Greenpeace reveals the plastic choking the ‘golden floating rainforest’ of the Sargasso Sea

Campaigners from Greenpeace UK have retrieved hundreds of pieces of plastic from clusters of seaweed floating in the Sargasso Sea in the Atlantic Ocean. They spent the last five days on board the Arctic Sunrise crossing the sea to launch a campaign to create a global network of marine sanctuaries under the Global Ocean Treaty.

The ship crew made an unplanned stop to look inside a patch of sargassum seaweed – the golden algae that forms gigantic floating mats and gives the Sargasso Sea its name. Although this was a comparatively small mat, they retrieved more than 300 pieces of plastic in just 30 minutes including bottle caps, disposable lighters, buoys, shoes, children’s toys and dozens of smaller scraps in the process of breaking down into microplastics.

Briony Venn, oceans campaigner for Greenpeace UK, said: “As soon as the sargassum came into view from the ship’s bridge, we saw large pieces of plastic debris tangled inside it. On closer inspection, every clump of seaweed contained a panoply of plastic pollution, from bottle caps to disposable cutlery. 

“Plastic is just one of the threats facing the Sargasso along with industrial fishing, increased shipping and climate change. The UK has an opportunity to help protect this golden floating rainforest by ratifying the Global Ocean Treaty as soon as possible, and by working with other governments to champion the Sargasso Sea as the world’s first high seas ocean sanctuary under the Treaty.”

The sargassum species of seaweed is unique to the Sargasso Sea where it provides a vital habitat for 10 species of crab, fish, shrimp and other creatures that are found nowhere else. It also provides a nursery for baby sea turtles and a vital source of food for seabirds on their epic migrations across the Atlantic Ocean.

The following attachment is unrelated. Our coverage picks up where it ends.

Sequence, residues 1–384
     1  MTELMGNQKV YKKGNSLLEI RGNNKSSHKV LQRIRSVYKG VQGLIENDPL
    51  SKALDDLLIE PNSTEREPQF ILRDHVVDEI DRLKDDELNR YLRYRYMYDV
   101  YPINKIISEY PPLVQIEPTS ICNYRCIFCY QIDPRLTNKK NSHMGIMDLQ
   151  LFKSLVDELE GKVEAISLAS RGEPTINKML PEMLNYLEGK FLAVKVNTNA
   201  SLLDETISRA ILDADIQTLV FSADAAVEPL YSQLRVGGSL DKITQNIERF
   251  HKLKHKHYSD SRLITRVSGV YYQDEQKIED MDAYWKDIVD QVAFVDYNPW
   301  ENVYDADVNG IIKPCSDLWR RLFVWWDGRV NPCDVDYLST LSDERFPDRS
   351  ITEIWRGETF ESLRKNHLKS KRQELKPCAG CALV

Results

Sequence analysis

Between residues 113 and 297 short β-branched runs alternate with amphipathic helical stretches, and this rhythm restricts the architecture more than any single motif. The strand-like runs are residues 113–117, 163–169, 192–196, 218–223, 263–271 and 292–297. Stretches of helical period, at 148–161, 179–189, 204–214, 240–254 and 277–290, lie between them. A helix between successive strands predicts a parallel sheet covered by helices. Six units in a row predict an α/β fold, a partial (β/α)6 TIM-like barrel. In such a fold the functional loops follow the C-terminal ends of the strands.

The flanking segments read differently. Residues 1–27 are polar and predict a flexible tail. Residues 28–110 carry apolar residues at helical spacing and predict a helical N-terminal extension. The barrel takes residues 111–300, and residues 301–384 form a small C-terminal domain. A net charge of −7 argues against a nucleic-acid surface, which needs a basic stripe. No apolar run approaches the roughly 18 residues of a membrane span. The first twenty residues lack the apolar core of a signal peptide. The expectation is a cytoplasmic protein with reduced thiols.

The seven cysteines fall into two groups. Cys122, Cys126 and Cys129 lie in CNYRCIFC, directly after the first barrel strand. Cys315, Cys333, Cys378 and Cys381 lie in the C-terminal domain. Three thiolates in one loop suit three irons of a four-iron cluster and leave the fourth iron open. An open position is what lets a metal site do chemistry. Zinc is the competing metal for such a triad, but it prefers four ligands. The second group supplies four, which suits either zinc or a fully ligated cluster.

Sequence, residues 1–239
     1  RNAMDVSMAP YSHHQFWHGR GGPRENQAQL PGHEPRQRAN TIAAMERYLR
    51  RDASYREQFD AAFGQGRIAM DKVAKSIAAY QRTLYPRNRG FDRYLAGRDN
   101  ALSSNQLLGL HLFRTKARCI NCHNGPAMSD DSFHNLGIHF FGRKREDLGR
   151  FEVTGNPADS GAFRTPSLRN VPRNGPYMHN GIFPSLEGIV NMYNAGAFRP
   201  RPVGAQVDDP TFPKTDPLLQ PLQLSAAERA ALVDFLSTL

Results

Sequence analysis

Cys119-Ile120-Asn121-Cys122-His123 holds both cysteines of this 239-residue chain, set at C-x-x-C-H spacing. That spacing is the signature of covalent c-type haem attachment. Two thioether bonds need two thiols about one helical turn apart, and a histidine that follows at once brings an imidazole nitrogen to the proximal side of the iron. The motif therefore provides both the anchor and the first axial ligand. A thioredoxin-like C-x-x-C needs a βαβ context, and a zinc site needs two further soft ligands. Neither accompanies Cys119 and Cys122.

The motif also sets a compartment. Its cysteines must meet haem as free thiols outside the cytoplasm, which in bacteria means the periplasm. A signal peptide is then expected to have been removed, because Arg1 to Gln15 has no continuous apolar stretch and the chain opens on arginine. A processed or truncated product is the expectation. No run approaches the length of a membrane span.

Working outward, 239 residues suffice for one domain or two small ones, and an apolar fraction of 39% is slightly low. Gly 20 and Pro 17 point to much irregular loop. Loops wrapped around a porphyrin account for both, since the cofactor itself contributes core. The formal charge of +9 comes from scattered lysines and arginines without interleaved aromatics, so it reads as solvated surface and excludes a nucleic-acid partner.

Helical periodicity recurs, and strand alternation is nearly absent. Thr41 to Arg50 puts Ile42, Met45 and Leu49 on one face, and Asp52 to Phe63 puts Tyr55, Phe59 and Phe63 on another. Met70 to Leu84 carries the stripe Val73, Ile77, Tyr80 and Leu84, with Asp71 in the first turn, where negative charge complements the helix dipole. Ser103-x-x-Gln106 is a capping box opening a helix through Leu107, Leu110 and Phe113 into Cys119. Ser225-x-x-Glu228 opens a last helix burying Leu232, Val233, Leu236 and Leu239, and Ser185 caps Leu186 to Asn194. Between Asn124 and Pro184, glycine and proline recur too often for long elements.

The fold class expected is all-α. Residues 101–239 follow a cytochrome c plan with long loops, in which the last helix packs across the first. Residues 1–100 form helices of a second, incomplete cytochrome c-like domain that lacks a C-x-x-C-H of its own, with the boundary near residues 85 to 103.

The crew also stopped to pull a metre-wide tangle of ‘ghost gear’ – discarded rope and fishing gear – from the water where it could have snarled sea turtles, seabirds and other marine animals. 

This first leg of the voyage has helped to document the vast array of animals living in the Sargasso. The crew recorded humpback and pilot whales, dolphins and a wide variety of fish and seabirds. At one point, a pod of at least 20 pilot whales surrounded the ship, and several humpback whales accompanied the Arctic Sunrise into Bermuda.

The crew also used a hydrophone – an underwater microphone – and DNA sampling techniques to provide insights into the distribution and migration patterns of whales, dolphins and other marine animals. Two seabird conservationists from Bermuda joined the voyage and recorded more than 10 species including some frequent visitors to the UK such as Manx and Great Shearwaters, Leach’s Petrels and Arctic Skuas.

Industrial fishing fleets pose a major threat to marine ecosystems like this because they drag longlines through the sea which inadvertently hook marine mammals, turtles, seabirds and sharks. Increased shipping and the prospect of deep sea mining also cast a shadow over the future of this ecosystem.

Since most of the Sargasso Sea lies in the high seas, outside national borders, tools for restricting human activity here have been extremely limited. The Global Ocean Treaty agreed in March last year makes it possible for governments to create sanctuaries on the high seas – like national parks at sea – where marine life can recover and thrive.

Greenpeace UK is calling on the UK government to ratify this Treaty into national law before the General Election, and to work with other governments in the region to propose the Sargasso Sea as the world’s first high seas sanctuary under the Treaty. This, alongside a Global Plastics Treaty that cuts plastic production and ends single-use plastic, would go a long way towards protecting the sea.

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